Today, the incredible story is taught in business schools around the world. When temporary failure or rejection enters your life, most people quit. But winners—whether special forces, entrepreneurs, athletes or business titans—know how to calibrate their plans and continue toward their goal.

Through the power of persistence, they are able to turn temporary failure into enduring victory.

Onwards and upwards always,
James Whittaker

In case you missed it:
“The Greatest Lessons and 65 Best Quotes from Napoleon Hill.”

Famous quotes by Sara Blakely

“You can’t have courage without fear.”

Jocko Willink

There are two sets of circumstance in life: what we can control and what we cannot control. Regardless of how we feel, we are where we are right now because of our decisions to this point.

When we reach a crossroads in our life—or find ourselves in a moment of discomfort, unhappiness or even tragedy—we ask ourselves, “How did I get here?” But a more constructive course of action is to:

An interesting paradigm shift occurs when we draw a line in the sand and take personal responsibility for our circumstances. First, we let go of the pain that’s been holding us back, allowing us to move forward unencumbered. Second, we realize that we have far more power over our own circumstances than we had ever imagined. Finally, it empowers us to make better decisions—on the condition that we have prepared a clear definition of success.

In 1836, during the Battle of the Alamo, Colonel William Travis received a letter from his foe, Mexican General (and also the country’s sitting President) Antonio Lopez de Santa Anna, demanding instant surrender. The general and his 1,500-strong battalion had the Alamo and its 150 Texan soldiers completely surrounded.

Twenty-six-year old Travis gathered the Alamo defenders together and explained that their demise was not only probable but imminent, leading to two simple choices: either die courageously defending the Alamo or willingly surrender to the enemy. Travis pulled out his sword, drew a literal line in the sand, and asked for volunteers to cross the line and join him—against unsurmountable odds—to continue to defend their position

With their course of action agreed, Travis responded to the surrender letter with cannon fire. As the siege continued, he wrote a letter addressed to the people of Texas and across America:

Fellow citizens and compatriots;

I am besieged, by a thousand or more of the Mexicans under Santa Anna. I have sustained a continual bombardment and cannonade for 24 hours and have not lost a man. The enemy has demanded a surrender at discretion, otherwise, the garrison are to be put to the sword, if the fort is taken.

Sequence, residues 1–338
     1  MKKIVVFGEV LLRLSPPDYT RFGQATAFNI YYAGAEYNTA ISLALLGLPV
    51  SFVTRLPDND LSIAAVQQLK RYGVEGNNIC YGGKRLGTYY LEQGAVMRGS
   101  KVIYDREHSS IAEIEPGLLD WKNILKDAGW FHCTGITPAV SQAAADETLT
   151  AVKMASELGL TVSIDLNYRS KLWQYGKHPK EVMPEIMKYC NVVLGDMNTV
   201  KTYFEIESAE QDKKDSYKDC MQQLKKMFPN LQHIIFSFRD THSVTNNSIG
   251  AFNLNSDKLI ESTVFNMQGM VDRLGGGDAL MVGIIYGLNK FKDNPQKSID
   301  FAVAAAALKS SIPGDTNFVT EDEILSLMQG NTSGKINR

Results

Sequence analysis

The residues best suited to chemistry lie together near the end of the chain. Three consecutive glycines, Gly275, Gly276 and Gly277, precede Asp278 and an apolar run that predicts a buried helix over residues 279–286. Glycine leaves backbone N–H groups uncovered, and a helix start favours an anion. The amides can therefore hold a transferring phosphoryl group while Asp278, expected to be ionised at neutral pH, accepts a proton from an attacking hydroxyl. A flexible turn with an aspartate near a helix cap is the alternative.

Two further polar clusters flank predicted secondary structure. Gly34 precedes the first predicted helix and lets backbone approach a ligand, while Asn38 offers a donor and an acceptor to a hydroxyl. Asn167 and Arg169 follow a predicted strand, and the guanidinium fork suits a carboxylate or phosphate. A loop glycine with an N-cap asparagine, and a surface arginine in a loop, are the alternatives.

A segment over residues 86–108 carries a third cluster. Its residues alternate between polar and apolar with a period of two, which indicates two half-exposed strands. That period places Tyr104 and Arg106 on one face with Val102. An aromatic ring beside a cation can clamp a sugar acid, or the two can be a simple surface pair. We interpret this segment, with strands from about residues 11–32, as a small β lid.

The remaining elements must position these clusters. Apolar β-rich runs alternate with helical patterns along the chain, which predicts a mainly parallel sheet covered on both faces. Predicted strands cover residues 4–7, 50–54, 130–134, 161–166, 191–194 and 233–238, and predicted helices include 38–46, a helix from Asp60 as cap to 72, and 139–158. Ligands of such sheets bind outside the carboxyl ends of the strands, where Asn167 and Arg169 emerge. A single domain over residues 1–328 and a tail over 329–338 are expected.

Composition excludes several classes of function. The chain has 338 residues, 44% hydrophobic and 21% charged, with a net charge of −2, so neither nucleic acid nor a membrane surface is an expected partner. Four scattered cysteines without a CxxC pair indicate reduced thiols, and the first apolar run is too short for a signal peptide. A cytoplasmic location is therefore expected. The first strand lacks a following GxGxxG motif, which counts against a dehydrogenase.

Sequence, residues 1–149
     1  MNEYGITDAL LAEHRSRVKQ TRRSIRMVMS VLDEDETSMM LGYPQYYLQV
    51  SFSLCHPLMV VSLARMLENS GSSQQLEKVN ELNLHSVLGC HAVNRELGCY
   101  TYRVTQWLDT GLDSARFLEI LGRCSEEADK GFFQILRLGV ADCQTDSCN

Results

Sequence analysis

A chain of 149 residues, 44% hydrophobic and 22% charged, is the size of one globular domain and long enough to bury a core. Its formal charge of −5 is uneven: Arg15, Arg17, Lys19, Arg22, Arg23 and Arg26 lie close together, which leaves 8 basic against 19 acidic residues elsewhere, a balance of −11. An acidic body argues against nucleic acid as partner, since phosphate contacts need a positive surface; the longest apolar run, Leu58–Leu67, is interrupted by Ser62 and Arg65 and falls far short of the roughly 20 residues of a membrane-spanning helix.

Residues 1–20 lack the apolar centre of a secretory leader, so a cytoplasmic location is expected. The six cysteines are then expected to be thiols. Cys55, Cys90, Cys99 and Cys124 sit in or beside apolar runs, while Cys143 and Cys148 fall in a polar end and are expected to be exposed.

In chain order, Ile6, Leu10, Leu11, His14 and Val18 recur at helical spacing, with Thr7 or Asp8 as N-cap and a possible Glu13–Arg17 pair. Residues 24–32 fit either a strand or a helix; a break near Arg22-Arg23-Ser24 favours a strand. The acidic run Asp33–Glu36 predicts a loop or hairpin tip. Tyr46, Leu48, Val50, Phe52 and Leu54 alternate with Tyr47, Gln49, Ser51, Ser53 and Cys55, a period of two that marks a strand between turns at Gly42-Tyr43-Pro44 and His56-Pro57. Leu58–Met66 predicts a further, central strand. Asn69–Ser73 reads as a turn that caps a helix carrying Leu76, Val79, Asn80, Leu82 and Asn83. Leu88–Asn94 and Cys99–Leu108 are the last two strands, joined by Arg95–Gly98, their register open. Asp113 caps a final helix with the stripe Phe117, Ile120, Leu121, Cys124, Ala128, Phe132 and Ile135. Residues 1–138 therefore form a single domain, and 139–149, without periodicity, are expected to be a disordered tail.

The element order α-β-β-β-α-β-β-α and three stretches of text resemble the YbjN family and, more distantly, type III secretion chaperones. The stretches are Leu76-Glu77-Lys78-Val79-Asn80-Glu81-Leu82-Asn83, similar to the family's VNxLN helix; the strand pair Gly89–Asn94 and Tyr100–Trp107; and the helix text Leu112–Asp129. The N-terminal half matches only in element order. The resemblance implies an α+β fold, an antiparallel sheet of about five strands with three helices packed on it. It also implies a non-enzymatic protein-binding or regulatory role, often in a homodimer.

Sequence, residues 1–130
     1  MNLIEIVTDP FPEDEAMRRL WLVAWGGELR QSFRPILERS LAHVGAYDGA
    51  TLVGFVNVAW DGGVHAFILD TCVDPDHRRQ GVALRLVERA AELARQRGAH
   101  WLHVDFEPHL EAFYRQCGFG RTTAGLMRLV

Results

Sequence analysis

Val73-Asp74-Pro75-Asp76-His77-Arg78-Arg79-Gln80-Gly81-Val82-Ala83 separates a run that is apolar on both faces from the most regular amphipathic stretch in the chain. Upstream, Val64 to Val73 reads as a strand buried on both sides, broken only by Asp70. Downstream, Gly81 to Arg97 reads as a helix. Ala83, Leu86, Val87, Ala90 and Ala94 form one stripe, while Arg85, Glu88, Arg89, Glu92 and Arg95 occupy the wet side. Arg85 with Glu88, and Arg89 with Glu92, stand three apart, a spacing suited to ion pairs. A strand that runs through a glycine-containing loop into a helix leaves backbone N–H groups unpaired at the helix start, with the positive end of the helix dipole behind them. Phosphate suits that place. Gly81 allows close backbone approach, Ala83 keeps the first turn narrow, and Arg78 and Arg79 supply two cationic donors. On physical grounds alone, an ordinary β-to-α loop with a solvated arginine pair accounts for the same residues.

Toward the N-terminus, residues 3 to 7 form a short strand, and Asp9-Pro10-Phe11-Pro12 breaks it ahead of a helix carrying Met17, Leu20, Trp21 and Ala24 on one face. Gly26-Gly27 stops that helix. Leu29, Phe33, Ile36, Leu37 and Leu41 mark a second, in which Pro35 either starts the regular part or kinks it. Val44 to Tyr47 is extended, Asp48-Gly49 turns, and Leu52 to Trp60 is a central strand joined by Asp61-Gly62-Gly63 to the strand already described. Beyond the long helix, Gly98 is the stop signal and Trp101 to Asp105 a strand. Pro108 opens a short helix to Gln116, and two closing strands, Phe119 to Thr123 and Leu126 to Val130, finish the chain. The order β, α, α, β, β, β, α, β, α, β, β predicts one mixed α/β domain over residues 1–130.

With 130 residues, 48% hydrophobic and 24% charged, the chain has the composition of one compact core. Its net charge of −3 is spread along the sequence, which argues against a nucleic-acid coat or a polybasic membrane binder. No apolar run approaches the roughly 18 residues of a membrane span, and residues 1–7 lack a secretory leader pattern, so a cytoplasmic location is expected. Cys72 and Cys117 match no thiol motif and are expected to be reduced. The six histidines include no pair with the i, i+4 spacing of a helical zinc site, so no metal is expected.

I have answered the demand with a cannon shot, and our flag still waves proudly from the walls. I shall never surrender or retreat. Then, I call on you in the name of liberty, of patriotism and everything dear to the American character, to come to our aid, with all dispatch.

The enemy is receiving reinforcements daily and will no doubt increase to three or four thousand in four or five days. If this call is neglected, I am determined to sustain myself as long as possible and die like a soldier who never forgets what is due to his own honor and that of his country.

VICTORY or DEATH.

William Barret Travis

Lt. Col. Comdt.

Travis died in the ensuing battle, but his message inspired the region. When Travis’ letter was received, reinforcements arrived and defeated Santa Anna, paving the way for the Republic of Texas to be admitted as the 28th member of the United States.

Today, Travis’ letter of defiance is regarded as a “masterpiece of American patriotism”. The simple act of drawing a line in the sand gives us a conscious acknowledgement that the past is irreversible and reminds us that all we have control over are our thoughts and the decisions we make from this point onwards. Today’s decisions are tomorrow’s realities.

Your future isn’t written; it’s never too late. If you’re sick of accepting whatever fate hands you, take purposeful action—even if you’re afraid to take the first step. After all, you can’t have courage without fear, as the earlier Jocko Willink quote reminds us.

Victory or death. The choice is yours.

Onwards and upwards always,
James W.